With erect ears and twitching noses inquisitively probing the air, the locals were curious.
On their annual migration to the ice-filled northern reaches of the Arctic in search of food, ‘polar bear alley’ passes through Churchill on the windswept shores of Canada’s Hudson Bay.
About a two-hour flight north of Manitoba’s capital city of Winnipeg, this remote town is one of the best places in Canada to observe these amazing creatures along with enchanting beluga whales.
The only way into Churchill is by air or rail – no country roads leading to town here. It’s isolated and quiet with just a few streets in each direction, with no flashy hotels or ritzy lodgings to speak of.
But we’re not here to be spoilt by the man-made attractions found in the big cities of Canada, the appeal here is all natural.
During the summer months of August and September, the vast tundra will see 17-hours of sunlight, with cool but mild temperatures.
Although the earth never completely defrosts here, there is enough of a summer for the tundra to come alive with vibrant wildflowers and grasses tall enough to sway in the breeze – a striking contrast to the cold and austere boulder-filled landscape.
Overhead, the skies fill with eagles and Canadian Geese, all competing with the polar bears for food.
Male bears practice a walking hibernation and rarely feed, while females give birth in dens or wander the land with their young.
Weighing up to 1,200 kilograms, the bears need to sustain themselves during the summer months until the ice returns, bringing with it their prey of choice – the prized seal.
Losing up to one kilo of fat per day as they roam the tundra, they survive on small berries, goose eggs and the occasional bird as they wait the summer months out.
A tundra buggy tour is the best way to observe this incredible spectacle. The large oversized vehicles are basic but comfortable, with padded bench seats, a bathroom, windows that fold down and a small viewing deck on the back.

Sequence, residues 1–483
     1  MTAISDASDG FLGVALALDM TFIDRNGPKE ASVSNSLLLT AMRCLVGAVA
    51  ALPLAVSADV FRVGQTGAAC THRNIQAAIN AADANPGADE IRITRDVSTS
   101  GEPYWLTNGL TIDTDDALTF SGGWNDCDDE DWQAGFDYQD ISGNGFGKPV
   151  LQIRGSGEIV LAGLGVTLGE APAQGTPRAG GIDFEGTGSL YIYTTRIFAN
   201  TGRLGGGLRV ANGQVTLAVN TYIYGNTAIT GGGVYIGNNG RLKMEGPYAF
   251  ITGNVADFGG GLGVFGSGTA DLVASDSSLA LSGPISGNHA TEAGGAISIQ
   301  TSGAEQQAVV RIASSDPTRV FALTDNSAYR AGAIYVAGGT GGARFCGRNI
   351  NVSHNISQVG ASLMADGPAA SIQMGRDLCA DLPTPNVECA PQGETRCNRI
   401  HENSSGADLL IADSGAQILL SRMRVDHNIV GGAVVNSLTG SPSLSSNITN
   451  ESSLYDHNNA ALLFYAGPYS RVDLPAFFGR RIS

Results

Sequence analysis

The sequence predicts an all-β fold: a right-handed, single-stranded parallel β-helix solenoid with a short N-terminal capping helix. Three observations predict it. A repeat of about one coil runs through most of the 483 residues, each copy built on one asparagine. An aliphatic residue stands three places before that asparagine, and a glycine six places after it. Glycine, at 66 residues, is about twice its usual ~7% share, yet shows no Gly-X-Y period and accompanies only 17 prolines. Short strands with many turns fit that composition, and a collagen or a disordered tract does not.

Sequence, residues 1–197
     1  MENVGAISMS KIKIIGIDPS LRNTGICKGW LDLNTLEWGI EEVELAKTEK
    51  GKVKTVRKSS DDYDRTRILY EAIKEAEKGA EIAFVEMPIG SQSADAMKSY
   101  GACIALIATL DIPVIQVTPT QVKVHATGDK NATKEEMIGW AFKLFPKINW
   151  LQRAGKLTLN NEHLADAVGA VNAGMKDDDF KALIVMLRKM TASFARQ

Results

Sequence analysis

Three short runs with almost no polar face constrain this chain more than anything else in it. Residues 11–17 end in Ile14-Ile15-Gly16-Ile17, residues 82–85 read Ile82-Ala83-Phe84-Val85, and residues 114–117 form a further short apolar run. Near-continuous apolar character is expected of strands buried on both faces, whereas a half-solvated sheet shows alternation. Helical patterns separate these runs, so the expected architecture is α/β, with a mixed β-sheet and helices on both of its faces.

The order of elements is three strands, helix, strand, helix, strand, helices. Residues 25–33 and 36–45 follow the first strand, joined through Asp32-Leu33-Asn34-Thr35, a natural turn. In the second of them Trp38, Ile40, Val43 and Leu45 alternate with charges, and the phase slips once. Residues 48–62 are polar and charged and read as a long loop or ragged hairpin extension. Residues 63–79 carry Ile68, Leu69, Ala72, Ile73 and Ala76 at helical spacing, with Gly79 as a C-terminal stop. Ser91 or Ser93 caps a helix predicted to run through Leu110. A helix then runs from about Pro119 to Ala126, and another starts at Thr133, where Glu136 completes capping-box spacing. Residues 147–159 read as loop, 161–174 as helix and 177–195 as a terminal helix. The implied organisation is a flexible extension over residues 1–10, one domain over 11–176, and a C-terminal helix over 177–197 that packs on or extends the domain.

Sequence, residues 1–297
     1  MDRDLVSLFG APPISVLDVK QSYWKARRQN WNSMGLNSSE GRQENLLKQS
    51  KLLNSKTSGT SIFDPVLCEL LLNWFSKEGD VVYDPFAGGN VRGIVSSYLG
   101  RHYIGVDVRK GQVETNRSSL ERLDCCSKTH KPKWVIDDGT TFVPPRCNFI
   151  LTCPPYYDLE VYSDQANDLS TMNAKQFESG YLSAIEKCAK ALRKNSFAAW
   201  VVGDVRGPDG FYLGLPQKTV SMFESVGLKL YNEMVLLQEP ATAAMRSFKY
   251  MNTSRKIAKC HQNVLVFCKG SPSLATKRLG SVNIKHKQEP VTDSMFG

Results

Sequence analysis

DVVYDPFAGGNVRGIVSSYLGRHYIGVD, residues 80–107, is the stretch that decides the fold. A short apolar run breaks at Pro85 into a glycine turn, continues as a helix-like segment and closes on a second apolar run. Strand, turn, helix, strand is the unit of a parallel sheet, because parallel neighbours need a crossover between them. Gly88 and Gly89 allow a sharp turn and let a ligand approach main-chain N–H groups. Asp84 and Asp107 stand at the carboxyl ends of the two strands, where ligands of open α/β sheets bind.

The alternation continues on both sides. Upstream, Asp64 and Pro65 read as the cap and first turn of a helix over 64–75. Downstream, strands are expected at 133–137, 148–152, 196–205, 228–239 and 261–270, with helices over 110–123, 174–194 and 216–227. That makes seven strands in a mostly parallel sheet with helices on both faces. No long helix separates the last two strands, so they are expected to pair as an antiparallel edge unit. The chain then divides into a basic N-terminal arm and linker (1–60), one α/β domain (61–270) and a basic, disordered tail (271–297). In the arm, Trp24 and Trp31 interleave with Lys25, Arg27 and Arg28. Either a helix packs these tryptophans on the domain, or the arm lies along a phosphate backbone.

The huge buggies are designed to make light work of the rugged and barren landscape, providing just enough height for the bears not be a threat to the caged human inhabitants inside.
It’s a unique experience to be in a cage looking through enclosed glass windows in search of wildlife and emphasises that we’re very much on their turf.
But the question on our minds? How will we react when the animal we are searching for, stares back at our curious gaze?
On this day trip, we were fortunate enough to see a mother with two babies by her side wander past our vehicle, barely five metres from our gaze.
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Close by, a large male explored the low tide offerings as we watched in silence. From the confines of our Tundra Buggy, these wild creatures seemed both cute and cuddly, before we reminded ourselves of just how violent and unpredictable they really can be.
It’s for these reasons that walking around the town centre, especially at night, should be done with great care and never alone.
As our group was still excitedly reminiscing about the day’s encounter, we found ourselves with the fifth bear sighting of the trip on the drive to the nearby Hudson Bay boat launch, preparing for the beluga whale adventure.
Foraging through the rocky outcrop was a larger male, which led to yet another wildlife paparazzi frenzy from our bus as we frantically snapped away.
In the calm waters of Hudson Bay, beluga whales give birth to their young while feeding in the shallow waters.
Travelling in small family pods, you don’t have to be on the water long before the ghostly white silhouettes of the beluga are next to you. These incredibly inquisitive creatures seem to lurch out of the water to curiously study us, as we study them.
Calves are grey at birth, staying with their mothers for around 18 months as they mature into the albino white colour.
The beluga, which is Russian for ‘white’, is modest in size at slightly larger than a dolphin and incredibly beautiful and graceful to watch.
Options to see beluga include boat or zodiac tours or for the more adventurous, snorkelling or kayaking.
For some on the tour, it was their wildlife bucket list experience of a lifetime. For me, it was a bucket list trip I never realised I had.
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